Alex Gibney's recent documentaries -- Enron: The Smartest Guys in Room and Taxi to the Dark Side, a dissection of the war on terror -- have won accolades for compressing complex data on thorny, seemingly dry issues into informative, captivating films. The infamously outrageous writer at the heart of Gibney's latest film, Gonzo: The Life and Work of Dr. Hunter S. Thompson, is a considerably more entertaining subject, if still somewhat complicated.
If the fantasy boomer -- the one who claimed every rebellion from Free Speech through Watergate -- had a journalist hero, it was Thompson, he of the aviator frames, archly tilted cigarette and piercing stare that belied how many controlled substances had been ingested. A literary, political and cultural trailblazer, he seemed to capture the era's zeitgeist with an extra-sharp pen -- from hopeful psychedelic adventurer to outraged citizen, eventually emerging from the 1960s haze in bitterness, cynicism and retreat.
Gonzo is a laudatory profile, though it can hardly be a strictly golden-hued hagiography; after all, Thompson's misdeeds and flaws propelled his stardom. ("A walking monument to misbehavior," quips NBC's Brian Williams.)
Gibney quotes extensively from Thompson's writing (read by Johnny Depp) and taps a wealth of archival footage. He also interviews colleagues, family and those whose lives somehow intersected with Thompson's: fellow New Journalism scribes Tom Wolfe and Tim Crouse; artist and frequent collaborator Ralph Steadman; Douglas Brinkley, Thompson's biographer; and a host of politicos, from the left (George McGovern) to the right (Pat Buchanan).
Much of the film focuses on the highlights of Thompson's career, beginning with his 1966 book Hell's Angels, which helped kick-start a new style of participatory journalism. Thompson worked steadily for a number of publications, including the nascent rock-and-politics magazine Rolling Stone. But it was a throwaway assignment for Sports Illustrated that sparked his definitive wild-man work, Fear and Loathing in Las Vegas. The demented 1971 road trip to Sin City was a tour de force, a tour de mescaline -- a twisted account of the misplaced American Dream and Thompson's lament that "the wave" of '60s promise "had rolled back."
That dorm-room staple was followed the next year by Thompson's most blistering work: his savage takedown of presidential politics, Fear and Loathing on the Campaign Trail. Thompson, an outsider on temporary assignment, could afford to burn bridges -- both on the press bus and among Washington players. Frank Mankiewicz, a McGovern campaign strategist, is seen in historical footage describing Fear and Loathing as the "most accurate and least factual" account of the election season.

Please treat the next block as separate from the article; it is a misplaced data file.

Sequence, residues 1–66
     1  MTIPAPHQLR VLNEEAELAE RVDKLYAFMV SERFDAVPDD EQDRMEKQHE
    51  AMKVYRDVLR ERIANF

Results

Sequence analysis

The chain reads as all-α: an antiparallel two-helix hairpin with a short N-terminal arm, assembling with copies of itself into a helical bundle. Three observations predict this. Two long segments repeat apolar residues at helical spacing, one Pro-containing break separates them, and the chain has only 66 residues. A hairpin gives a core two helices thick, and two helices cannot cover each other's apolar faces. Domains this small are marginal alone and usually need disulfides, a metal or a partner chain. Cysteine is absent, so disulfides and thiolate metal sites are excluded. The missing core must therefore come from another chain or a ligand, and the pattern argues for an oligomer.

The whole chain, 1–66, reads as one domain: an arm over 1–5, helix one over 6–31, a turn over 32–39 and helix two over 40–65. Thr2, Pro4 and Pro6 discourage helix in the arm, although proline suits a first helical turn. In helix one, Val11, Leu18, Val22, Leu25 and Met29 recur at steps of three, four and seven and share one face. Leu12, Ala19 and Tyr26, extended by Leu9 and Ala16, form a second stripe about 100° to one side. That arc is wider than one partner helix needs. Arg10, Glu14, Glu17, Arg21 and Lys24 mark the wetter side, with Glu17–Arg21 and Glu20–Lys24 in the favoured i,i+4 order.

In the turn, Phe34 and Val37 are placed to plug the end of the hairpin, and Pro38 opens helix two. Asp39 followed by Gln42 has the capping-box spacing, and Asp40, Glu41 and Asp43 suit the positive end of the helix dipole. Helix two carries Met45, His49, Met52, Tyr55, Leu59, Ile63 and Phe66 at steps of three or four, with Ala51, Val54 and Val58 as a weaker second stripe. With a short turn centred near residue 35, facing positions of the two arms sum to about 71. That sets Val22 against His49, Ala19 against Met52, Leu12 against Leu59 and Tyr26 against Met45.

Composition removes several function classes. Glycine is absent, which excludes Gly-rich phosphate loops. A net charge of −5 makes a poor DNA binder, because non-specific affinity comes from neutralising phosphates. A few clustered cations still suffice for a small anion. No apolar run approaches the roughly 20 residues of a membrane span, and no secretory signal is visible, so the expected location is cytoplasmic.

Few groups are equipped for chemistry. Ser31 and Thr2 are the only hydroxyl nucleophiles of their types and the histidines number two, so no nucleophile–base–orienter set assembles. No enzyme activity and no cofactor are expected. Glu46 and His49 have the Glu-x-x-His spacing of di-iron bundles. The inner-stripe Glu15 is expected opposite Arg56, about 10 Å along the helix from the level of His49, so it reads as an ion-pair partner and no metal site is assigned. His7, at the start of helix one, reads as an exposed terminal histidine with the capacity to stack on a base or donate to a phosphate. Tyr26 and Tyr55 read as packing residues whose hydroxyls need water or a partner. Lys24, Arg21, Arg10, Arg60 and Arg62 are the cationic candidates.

Thompson's legendary drugs-and-alcohol-soaked lifestyle took no break for work. Seen through today's lens of liability, zero tolerance and bottom-line-driven corporate media, Thompson's crazed antics seem as quaintly retro as pressmen wearing fedoras. Indeed, as folks fondly reminisce, you get the sense that the idea of somebody like Thompson is easier to embrace and celebrate than actually dealing with the volatile man himself.
A savvy observer of popular culture, Thompson nonetheless missed the oft-repeated public lessons about fame. The notoriety he actively pursued eventually interfered with his reporting, costing him useful anonymity and reducing him to a caricature he was trapped into repeatedly playing.
Yet even Thompson's flame-out was spectacular, bizarre and eminently quotable. In 1974, he travelled all the way to then-Zaire on Rolling Stone's dime to blow off covering the Ali-Foreman boxing match. By the mid-1970s, Thompson had stopped working full-time and surrendered to simply being Gonzo, holding court at his Aspen lair. He had literally become a cartoon figure, instantly recognizable as "Uncle Duke" in Garry Trudeau's "Doonesbury" comic strip.
The myth may have triumphed, but not before the man left an impact. Gibney's previous two docs used singular events to stand in for larger cultural shifts. So I was surprised that in a two-hour-long film nobody elucidated how Thompson's much-publicized free-wheeling style of reporting and writing helped, in part, to create the flashier, personality-driven mainstream media we embrace today. (That doesn't include just colorful ink-stained wretches at alt-weeklies, but also The Daily Show, cheerfully biased, first-person features, and even Maureen Dowd's snarky editorials in The New York Times.)
In the wake of this year's hyper-stage-managed presidential conventions, covered endlessly but with little depth, critique or humor by the complacent media, one wishes a drug-crazed, anarchic, bullshit-calling cowboy-journalist would smash through the blue-screen illusions. (In a pinch, Thompson's 1972 jibe is an evergreen: "Jesus, how low do you have to stoop in this country to be president?")
Some colleagues and family describe Thompson's 2005 suicide as a "so like Hunter, going out on top" act. But his first wife, Sandy, who lived with Thompson through his most productive years, demurs, and with some larger regret: "He was nowhere near the top ... but this was a time when a together Hunter Thompson could have made a difference in this country."
Starts Fri., Sept. 12. Regent Square
- Split screen: Hunter S. Thompson